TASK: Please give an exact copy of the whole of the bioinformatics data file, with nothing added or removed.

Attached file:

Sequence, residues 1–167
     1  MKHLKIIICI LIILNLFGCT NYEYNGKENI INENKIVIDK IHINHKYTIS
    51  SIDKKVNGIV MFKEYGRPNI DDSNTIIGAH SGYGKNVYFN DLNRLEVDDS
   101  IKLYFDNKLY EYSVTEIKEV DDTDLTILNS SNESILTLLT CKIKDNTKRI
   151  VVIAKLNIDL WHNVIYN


Sequence, residues 1–167
     1  MKHLKIIICI LIILNLFGCT NYEYNGKENI INENKIVIDK IHINHKYTIS
    51  SIDKKVNGIV MFKEYGRPNI DDSNTIIGAH SGYGKNVYFN DLNRLEVDDS
   101  IKLYFDNKLY EYSVTEIKEV DDTDLTILNS SNESILTLLT CKIKDNTKRI
   151  VVIAKLNIDL WHNVIYN